Macromedia Breeze 5 review

When we first looked at Breeze it was still little-known, despite having reached version 4. Since then, the training and meeting tool has gained a dedicated following, with the likes of Intel, Epson, Sony and the FBI on its books. The idea is to take advantage of global broadband to save your remote workers the chore of meeting in a single central location. Instead, they attend from home or office using a webcam, microphone and mouse. A PowerPoint plug-in lets presenters export slides for broadcast and, in this latest release, Macromedia has teamed up with Premiere Global Services to add VoIP to the mix.

It comprises five parts: the underlying Breeze Communication Server, which can be hosted remotely, and the presenter, meeting manager, training and event-registration modules. This sounds complex, but the Help system is nothing short of excellent, and should have even inexperienced users up and running in less than half an hour. Indeed, we were hosting a meeting after just 10 minutes.

We spent most of the time running the busy admin screens on a 1,280 x 1,024 resolution screen, and they really benefited from having space to breathe. However, shrinking things to a more regular 1,024 x 768 didn’t cause any problems – for either presenters or remote attendees – as the Flash-based interface gracefully rescales. We were using a mixture of Firefox on a PC and Safari on a Mac, both with Flash 7 installed, and although you’re advised to add the Breeze URLs to your white list, we had no problems running it with our pop-up blocker at its default settings.

Problems are handled in an equally dignified manner. We tested the remotely hosted service and experienced some network troubles, which the Breeze presenter and guest modules both diagnosed and pointed out. They then went on to fix themselves, directing us to a troubleshooting page, full of advice written in plain English.

Presentations themselves are put together in PowerPoint, with extensions to the default menus giving you access to narration recording and pre-determined quiz layouts, to supplement your regular slides. When played back in a browser, the Breeze interface works very much like a full-screen video player, and will be familiar to anyone who has used Windows Media Player. Each slide can have associated notes, which provides a useful means of giving participants the option of learning more, while not force-feeding them supplementary information by default.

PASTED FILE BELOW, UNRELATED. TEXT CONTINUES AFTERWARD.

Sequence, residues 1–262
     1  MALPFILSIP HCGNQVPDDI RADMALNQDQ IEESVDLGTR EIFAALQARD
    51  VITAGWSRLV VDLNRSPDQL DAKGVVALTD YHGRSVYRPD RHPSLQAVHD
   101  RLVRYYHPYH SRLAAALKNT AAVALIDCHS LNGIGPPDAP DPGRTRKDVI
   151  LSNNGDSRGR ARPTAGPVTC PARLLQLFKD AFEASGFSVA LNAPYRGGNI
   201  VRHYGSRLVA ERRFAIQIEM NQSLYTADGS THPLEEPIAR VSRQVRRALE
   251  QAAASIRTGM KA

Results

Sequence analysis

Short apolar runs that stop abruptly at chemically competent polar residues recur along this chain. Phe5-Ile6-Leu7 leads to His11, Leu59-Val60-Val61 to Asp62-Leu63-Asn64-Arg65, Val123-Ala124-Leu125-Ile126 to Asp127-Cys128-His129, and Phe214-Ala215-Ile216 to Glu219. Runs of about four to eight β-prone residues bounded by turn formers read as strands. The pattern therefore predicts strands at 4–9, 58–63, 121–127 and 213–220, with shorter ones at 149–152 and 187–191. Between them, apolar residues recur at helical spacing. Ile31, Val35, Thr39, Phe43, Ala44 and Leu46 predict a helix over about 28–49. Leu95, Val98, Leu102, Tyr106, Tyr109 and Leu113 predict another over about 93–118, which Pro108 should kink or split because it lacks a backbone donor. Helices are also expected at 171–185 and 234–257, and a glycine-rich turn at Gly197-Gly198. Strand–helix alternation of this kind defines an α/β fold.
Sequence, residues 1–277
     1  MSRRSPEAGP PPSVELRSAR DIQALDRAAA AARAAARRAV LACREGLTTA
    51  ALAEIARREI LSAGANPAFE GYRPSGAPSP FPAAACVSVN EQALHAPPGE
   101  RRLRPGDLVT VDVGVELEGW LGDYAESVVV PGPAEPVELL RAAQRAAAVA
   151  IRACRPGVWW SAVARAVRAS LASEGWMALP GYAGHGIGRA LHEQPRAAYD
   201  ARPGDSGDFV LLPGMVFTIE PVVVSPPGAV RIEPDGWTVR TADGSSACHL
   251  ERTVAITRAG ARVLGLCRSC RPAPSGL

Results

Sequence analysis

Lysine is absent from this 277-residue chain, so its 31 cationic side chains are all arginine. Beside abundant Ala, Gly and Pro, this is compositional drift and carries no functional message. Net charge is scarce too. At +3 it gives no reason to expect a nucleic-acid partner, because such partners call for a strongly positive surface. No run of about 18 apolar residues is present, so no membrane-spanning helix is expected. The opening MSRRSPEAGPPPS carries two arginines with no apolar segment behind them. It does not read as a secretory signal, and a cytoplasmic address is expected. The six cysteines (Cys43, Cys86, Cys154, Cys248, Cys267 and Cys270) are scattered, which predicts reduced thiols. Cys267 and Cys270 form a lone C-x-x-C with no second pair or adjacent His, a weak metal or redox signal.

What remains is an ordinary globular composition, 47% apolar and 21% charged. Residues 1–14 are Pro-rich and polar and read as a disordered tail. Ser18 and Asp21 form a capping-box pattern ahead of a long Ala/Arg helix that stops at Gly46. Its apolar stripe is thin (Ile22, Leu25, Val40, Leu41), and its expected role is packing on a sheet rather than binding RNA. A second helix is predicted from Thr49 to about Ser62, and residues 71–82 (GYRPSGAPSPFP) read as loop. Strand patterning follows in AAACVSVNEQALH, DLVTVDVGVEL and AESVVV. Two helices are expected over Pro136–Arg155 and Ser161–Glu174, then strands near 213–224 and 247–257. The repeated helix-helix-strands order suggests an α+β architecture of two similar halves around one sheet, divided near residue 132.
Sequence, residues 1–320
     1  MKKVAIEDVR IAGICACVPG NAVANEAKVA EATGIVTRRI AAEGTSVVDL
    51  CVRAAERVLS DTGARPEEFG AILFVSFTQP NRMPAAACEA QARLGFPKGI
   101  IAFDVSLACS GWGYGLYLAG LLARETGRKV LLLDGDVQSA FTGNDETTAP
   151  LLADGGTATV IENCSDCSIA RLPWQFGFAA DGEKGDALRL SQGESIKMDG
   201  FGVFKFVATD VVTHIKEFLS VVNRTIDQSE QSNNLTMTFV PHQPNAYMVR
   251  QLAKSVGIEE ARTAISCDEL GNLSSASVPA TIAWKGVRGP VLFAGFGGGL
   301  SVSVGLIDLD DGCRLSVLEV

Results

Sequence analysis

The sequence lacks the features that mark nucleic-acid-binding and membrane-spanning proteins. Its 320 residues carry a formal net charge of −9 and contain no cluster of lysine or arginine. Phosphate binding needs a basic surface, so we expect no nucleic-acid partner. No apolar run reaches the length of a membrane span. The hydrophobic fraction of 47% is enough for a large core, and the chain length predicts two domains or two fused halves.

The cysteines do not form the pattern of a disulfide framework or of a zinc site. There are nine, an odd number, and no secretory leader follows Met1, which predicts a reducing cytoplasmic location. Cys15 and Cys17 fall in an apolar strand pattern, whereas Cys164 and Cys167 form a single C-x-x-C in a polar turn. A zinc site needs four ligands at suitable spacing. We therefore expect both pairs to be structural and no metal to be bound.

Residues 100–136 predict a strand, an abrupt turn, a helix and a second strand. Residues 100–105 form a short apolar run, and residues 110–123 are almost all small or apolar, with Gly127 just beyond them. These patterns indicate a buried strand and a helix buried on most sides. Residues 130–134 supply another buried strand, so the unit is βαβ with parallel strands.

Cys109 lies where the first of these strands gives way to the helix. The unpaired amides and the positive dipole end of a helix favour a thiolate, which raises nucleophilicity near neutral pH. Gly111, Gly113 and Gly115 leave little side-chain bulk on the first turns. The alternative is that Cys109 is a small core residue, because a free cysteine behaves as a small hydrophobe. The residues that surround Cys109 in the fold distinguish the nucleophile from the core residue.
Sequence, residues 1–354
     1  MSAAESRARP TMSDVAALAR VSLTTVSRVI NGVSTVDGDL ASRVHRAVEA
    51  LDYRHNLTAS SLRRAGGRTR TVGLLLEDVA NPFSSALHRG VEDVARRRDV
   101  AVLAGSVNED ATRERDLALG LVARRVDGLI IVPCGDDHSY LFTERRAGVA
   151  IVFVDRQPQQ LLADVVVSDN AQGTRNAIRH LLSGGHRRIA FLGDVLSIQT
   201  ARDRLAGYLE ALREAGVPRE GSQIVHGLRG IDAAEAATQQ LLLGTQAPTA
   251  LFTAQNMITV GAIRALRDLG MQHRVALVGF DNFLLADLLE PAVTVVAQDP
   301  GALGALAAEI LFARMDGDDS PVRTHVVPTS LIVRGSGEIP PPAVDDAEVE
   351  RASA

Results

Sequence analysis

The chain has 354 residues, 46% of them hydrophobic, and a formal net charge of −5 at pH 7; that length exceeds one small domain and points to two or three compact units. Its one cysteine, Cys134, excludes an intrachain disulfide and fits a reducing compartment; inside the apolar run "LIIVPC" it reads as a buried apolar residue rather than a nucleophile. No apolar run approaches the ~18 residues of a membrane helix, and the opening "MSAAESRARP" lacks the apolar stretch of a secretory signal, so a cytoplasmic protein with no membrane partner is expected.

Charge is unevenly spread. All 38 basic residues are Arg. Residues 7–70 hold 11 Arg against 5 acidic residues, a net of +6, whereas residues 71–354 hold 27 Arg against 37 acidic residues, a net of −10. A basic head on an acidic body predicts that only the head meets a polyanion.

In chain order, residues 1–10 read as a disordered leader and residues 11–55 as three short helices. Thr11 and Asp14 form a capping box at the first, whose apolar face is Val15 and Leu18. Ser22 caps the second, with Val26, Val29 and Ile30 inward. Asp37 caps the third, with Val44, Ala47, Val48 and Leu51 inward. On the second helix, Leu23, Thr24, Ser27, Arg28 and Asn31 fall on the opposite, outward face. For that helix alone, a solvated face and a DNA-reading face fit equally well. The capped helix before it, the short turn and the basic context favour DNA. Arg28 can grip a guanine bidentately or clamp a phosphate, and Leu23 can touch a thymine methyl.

The training module hooks into any slides that form part of a curriculum, tracking user data, monitoring who has viewed a particular presentation, and recording how they scored on quiz and training tasks, allowing you to keep tabs on your staff members’ progress. These reports can be exported as CSV files for import into Excel.

As an administrator, you’d most likely handle all staff enrolment yourself, but if you’re opening up your presentations to external third parties, you’ll appreciate the way the event manager allows you to customise most elements of its look and feel. Menus can be rewritten, and colours and logos chosen to match your corporate style, with the finished product looking like an in-house application.

The same customisation features are available in meeting rooms, which can be reorganised by the presenter, with all changes immediately reflected on other participants’ screens. Each room is comprised of a series of ‘pods’, which contain shared whiteboards, private, moderated or public chat, webcam feeds and Desktop sharing. This latter feature is particularly impressive, as it allows you to monitor a mixture or Windows and Mac-based applications from each OS. Indeed, participants can even take control of each others’ computers, subject to gaining permission from each other, so they can properly demonstrate how something should work, rather than just describing a series of actions. Similarly, shared folders allow remote participants to share documents without having to send them by email.

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